A – When I worked in IT, I went from engineering into architecture and then into sales. In sales, a lot of the work was around building business cases so I approached this in the same way. I took a step back, tried to be objective and consider the competitive landscape. It just seemed right. There are only so many spreadsheets you can do, trying to predict how many pizzas you are going to sell a day over the first 6 months. A big part of it is simply making the call to go ahead with it and then it all starts to fall into place.
Q – How have you found the transition from working in IT to running your own pizzeria?
A – Its been a lot of hard work but I’m enjoying it. I’m here at around 8 AM every day and there is always something going on behind the scenes. One of the team will come in at 12 PM to mix the dough. The dough will then rest at bulk for about an hour, after which we divide it into round balls that will be the individual pizza bases. They sit at room temperature until the next day, then in the morning I come in to take a look and determine if they can stay at room temp or need to spend a few hours in the refrigerator to slow down the fermentation.
Q – The oven is an absolute work of art. Could you tell a little about where it came from?
A – The oven was built by Stefano Ferrara who is a third generation craftsman building authentic neapolitan pizza ovens. Everything is done to order. The tile work is custom spec and its all done by hand. It took about two months for them to complete the oven. Then it spent another two months on the water being shipped over followed by a few weeks in customs. The oven weighs almost three tons so it was a tough job getting it in the shop once it arrived. The flute system that funnels the smoke out the back was also a big cost associated with the oven, costing more than the actual oven itself.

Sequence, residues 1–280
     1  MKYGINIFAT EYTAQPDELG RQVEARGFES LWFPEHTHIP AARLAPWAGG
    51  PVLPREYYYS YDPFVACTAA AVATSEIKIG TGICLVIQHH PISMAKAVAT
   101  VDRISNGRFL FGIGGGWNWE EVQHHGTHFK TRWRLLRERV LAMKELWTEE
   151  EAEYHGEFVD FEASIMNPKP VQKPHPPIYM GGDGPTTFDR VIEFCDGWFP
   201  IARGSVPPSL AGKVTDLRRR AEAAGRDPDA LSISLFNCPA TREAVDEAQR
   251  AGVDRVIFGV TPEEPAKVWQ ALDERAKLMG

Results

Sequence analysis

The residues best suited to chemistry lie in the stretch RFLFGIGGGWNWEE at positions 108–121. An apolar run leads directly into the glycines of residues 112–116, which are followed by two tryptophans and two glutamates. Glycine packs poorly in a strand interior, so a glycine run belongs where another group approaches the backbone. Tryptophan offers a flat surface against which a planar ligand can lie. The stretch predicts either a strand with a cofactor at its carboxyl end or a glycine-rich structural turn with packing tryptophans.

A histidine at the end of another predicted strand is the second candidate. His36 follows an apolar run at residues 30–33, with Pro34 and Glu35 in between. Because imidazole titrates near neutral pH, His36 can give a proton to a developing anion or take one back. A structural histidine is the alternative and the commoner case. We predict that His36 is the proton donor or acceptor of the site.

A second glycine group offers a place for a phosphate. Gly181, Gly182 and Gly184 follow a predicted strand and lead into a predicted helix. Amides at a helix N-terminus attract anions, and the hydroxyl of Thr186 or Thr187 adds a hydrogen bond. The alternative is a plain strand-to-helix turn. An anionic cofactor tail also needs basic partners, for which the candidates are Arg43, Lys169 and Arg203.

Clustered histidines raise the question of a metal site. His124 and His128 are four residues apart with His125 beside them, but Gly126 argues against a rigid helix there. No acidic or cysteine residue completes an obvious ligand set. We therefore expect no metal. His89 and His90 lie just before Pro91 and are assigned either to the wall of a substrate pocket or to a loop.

Q – Have you had any issues with neighboring businesses complaining about smoke?
A – Not at all. We are using really well-seasoned wood. Manuka is seasoned for two years and we also use a kiln dried beech wood. So as long as you are burning well seasoned wood, you shouldn’t have any issues with smoke.
Q – Looking back on it now a few months into operation, what were some of the major hurdles with getting the business off the ground?
A – The financial side of starting a business can always be tough. A lot of people starting out might find it difficult to obtain a loan if you don’t have some sort of equity. That’s why you see a lot of people starting out with food trucks. You can get your brand out there, build up a following and then eventually move to a bricks and mortar location if things move along well.
You also need to pull in a lot of people such as a draftsman, architect or engineer. I had a designer / architect who submitted the building consent, which was a massive document. We then had to get a structural engineers report on top of that. Because we have another level above us, we had to put in a special roof to meet fire safety standards. That was another unexpected cost that we didn’t foresee. We also had to have fourteen smoke detectors put in.
The actual food side of the business takes up a minor portion. You spend a lot of time dealing with builders, the council, reviewing food safety documents, fire engineers, negotiating lease agreements. But aside from all the challenges, it is a satisfying experience. I work twice as much and I don’t get paid nearly as much as my previous job, but you don’t get into this for the money. I get up every day and I’m happy coming in to the pizzeria.
Its clear to see that UMU does a bit more than the average pizzeria. They use the oven to cook everything that they serve; such as roasted potatoes, roasted mushrooms and homemade sausage. The pizza dough is made using a naturally leavened sourdough starter which results in a noticeably tastier crust, as well as making it easier to digest. As we chat at one of the tables in the pizzeria, builders are hard at work in the building next door and Simon tells me that expansion plans are in action as they look to increase the current size and include a larger bar offering.
UMU seems to tick all the boxes if you are looking for good pizza; an impressive wood-fire oven, enthusiastic staff that are passionate about pizza, craft beer on tap as well as a selection of wine. Keeping things simple but doing it right. Taking all into consideration, for me its the best pizza that I’ve tried in my almost two years living in New Zealand.